Kids today may think they are on the cutting edge with their sexy photos on their My Space pages. Please. I got my first nude photo from Chris for Christmas in 9th grade, and he used a public photo booth at the Promenade Mall instead of a cell phone camera in the privacy of his bedroom. That was risk taking behavior! Sexting? Seriously? We spent hours crafting intricately folded, multi-colored, handwritten notes filled with all kinds of lusty language. Personally, I can never run for public office for fear of the notes I wrote in junior high school surfacing before a senate sub-committee on obscenity.

Sneaking around with boys? So not worth it. We were the last generation to have teenage sex where the only life altering worry from not using condoms was the risk of teenage pregnancy. Now, not only will they find that sex with teenage boys is lousy, susceptible to a myriad of diseases, but they are bound to get busted. While my boyfriend Andy’s mom was too naive to check his closet and find me hiding there one fine suburban Saturday morning after sneaking in and spending the night, that’ll be the first place my sister will check on her surprise inspections of their bedrooms. Tell their mom they are staying the night at a friend’s house? Please! My sister refined that ploy in her youth, so she will know to call the parents, several times, and make it impossible to sneak out or will catch them in a flat out lie. Not to mention the handy GPS unit in their rarely parted with cell phones that will always give away their whereabouts.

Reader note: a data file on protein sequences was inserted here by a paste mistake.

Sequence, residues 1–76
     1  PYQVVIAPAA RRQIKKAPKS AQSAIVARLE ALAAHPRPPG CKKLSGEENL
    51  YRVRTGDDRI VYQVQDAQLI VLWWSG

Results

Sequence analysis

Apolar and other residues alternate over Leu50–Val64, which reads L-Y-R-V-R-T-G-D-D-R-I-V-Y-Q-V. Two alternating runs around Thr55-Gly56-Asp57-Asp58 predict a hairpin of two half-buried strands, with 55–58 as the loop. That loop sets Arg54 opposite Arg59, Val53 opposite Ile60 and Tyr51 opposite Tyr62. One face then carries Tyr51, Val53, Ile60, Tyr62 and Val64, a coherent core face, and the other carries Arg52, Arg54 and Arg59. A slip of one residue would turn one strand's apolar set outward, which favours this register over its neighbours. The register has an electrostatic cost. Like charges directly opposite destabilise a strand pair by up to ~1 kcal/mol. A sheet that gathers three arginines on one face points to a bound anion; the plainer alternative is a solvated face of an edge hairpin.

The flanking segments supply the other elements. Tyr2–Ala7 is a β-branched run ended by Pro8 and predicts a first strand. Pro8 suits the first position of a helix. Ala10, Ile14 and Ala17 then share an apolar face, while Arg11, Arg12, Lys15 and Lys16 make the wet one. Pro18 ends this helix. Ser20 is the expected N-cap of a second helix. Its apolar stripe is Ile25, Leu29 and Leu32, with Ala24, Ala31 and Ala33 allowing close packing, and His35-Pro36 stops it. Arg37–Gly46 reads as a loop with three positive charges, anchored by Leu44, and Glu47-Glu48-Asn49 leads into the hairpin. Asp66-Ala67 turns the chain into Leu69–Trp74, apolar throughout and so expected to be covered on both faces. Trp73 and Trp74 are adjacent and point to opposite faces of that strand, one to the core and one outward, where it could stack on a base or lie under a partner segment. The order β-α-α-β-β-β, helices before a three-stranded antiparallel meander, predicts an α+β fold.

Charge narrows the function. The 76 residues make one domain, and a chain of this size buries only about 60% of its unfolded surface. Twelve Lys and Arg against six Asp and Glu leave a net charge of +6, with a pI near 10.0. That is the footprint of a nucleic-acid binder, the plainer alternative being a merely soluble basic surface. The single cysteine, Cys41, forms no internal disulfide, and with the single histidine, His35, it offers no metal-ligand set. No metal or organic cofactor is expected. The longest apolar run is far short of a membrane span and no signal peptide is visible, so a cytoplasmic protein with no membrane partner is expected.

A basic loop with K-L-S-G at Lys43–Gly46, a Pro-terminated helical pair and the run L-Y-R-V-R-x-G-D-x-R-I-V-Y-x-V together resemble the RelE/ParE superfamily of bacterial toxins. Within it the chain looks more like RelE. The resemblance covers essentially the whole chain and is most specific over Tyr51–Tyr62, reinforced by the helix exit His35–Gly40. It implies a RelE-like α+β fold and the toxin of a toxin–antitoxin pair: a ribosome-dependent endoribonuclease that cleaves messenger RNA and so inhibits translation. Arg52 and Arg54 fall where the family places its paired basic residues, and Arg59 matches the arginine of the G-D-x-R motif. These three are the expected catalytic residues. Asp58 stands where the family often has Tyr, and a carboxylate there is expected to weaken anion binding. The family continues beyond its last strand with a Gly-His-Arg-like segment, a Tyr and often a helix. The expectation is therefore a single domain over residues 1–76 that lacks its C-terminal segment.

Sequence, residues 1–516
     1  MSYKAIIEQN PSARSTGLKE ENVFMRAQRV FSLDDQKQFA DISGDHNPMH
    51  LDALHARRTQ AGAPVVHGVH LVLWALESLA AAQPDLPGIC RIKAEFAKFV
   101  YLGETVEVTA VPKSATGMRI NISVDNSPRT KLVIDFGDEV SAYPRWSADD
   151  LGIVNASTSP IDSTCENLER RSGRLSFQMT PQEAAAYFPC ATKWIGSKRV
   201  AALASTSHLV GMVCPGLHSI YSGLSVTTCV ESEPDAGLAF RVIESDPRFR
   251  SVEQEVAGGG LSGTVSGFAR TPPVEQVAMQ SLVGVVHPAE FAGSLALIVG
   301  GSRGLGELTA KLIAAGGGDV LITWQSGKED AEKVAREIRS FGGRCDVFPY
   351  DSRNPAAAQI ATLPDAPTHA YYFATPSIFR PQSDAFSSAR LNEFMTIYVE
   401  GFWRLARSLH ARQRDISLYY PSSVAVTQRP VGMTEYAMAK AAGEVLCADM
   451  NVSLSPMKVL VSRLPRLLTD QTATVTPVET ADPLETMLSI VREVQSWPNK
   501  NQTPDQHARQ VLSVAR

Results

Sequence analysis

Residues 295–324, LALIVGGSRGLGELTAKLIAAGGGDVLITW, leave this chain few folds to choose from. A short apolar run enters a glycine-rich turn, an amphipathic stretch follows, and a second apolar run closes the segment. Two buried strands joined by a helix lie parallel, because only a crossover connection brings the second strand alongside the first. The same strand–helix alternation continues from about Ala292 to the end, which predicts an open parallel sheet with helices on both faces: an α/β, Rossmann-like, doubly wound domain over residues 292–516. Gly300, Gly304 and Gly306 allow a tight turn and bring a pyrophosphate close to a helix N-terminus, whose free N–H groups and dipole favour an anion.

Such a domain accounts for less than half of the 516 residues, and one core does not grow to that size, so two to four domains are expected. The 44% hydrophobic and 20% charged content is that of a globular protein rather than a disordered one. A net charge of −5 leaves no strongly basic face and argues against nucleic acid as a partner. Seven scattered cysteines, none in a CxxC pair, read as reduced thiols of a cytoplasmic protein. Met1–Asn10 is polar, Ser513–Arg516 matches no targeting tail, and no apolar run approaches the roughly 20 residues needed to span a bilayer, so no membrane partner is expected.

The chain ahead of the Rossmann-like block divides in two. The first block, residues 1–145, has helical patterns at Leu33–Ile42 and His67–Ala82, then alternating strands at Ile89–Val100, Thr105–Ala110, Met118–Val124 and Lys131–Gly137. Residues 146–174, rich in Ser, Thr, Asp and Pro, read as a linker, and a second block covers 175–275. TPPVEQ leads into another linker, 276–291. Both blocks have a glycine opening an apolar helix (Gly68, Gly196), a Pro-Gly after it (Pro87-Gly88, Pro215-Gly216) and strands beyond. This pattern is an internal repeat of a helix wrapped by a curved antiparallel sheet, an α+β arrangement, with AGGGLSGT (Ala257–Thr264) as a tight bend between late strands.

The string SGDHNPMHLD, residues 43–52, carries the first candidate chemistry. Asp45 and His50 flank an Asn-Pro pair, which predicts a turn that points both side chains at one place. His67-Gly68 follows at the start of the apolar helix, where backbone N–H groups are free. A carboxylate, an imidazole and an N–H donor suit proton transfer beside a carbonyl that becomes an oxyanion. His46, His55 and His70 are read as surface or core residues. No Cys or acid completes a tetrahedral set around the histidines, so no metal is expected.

Out and about doing something they shouldn’t? Destined to be caught in the act, if not by their mother, then definitely by their grandmother. When my sister Parrish and I tried to hitchhike home from a party on Pt. Dume one night, who do you think was driving the first car to pull up to our outstretched thumbs on the PCH? Mom. When Jim (who was drunk) and I (who was tripping on acid) were making a half-hearted and feeble attempt to make out in the backseat of the Buick station wagon, who do you think opened the back of the car and caught us half-dressed, horrifying him and bumming my trip? Mom. There’s no escaping the maternal instinct for bad behavior and it is even worse when the instinct is well informed by experience.

Drugs? Again, pointless. Unlike their grandmother back in the 80’s, their mom knows the difference between the smell of dope and the smell of incense. D’oh! The powers-that-be have long since closed the drug drive-thrus of Venice that my girlfriend Julie and I frequented back in the day; so the kids in Malibu today are forced to buy their drugs from the local dealers, who are either people we went to high school with or are the same people we bought from in high school. Either way, it will get back to their mother before they can crack open the dime bag. Small towns suck when you’re a kid.

And while I don’t wish my sister many a sleepless night in the coming years, she will have to forgive me when I laugh and am less sympathetic than she would wish to her laments about the shenanigans of her teenage daughters, but it’s like watching re-runs of M*A*S*H, the antics and angst are still pretty damn entertaining 25 years later, even with a cast change.